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# Sequential Out-Of-Core LU Factorization

Let us consider the decomposition of the matrix A into its LU factorization with the matrix partitioned in the following way. Let us suppose that we have factored A as A = LU. We write the factors in block-partitioned form and observe the consequences.

Multiplying L and U together and equating terms with A, we have

With these simple relationships we can develop variants by postponing the formation of certain components and also by manipulating the order in which they are formed. A crucial factor for performance is the choice of the blocksize, k (i.e., the column width) of the second block column. A blocksize of 1 will produce matrix-vector algorithms, while a blocksize of k > 1 will produce matrix-matrix algorithms. Machine-dependent parameters such as cache size, number of vector registers, and memory bandwidth will dictate the best choice for the blocksize.

Two natural variants occur: right-looking and left-looking. (There are several other variants possible, we examine only two here.) The terms right and left refer to the regions of data access, as shown in Figure 1.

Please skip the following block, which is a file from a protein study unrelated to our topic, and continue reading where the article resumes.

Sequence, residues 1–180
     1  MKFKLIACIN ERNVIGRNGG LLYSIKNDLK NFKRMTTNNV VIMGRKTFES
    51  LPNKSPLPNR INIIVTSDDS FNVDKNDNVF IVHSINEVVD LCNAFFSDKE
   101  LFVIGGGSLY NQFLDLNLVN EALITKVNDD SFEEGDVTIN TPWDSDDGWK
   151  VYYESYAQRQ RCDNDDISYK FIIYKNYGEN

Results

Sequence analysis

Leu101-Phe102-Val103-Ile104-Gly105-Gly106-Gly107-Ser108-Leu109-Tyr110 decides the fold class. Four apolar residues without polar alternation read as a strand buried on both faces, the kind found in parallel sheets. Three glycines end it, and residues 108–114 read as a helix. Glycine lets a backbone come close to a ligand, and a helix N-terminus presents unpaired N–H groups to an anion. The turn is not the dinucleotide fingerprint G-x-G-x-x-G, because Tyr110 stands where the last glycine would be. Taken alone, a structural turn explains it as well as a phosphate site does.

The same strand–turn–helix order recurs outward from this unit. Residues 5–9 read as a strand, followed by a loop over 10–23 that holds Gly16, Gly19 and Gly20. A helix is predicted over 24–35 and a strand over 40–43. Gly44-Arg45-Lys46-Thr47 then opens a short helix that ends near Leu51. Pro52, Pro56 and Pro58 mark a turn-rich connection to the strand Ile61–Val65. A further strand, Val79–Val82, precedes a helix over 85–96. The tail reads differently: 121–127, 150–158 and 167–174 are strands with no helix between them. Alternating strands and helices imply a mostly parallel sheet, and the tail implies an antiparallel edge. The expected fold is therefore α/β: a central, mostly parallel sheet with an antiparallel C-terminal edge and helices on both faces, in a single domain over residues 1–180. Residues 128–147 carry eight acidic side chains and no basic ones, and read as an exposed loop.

Figure: Memory access patterns for variants of LU decomposition. The shaded parts indicate the matrix elements accessed in forming a block row or column, and the darker shading indicates the block row or column being modified.

The left-looking variant computes one block column at a time, using previously computed columns. The right-looking variant (the familiar recursive algorithm) computes a block row and column at each step and uses them to update the trailing submatrix. These variants have been called the i,j,k variants owing to the arrangement of loops in the algorithm. For a more complete discussion of the different variants, see [8, 13].

We now develop these block variants of LU factorization with partial pivoting.

Next: Right-Looking Algorithm Up: Key Concepts For Parallel Previous: Introduction

Jack Dongarra
Thu Apr 18 21:51:24 EDT 1996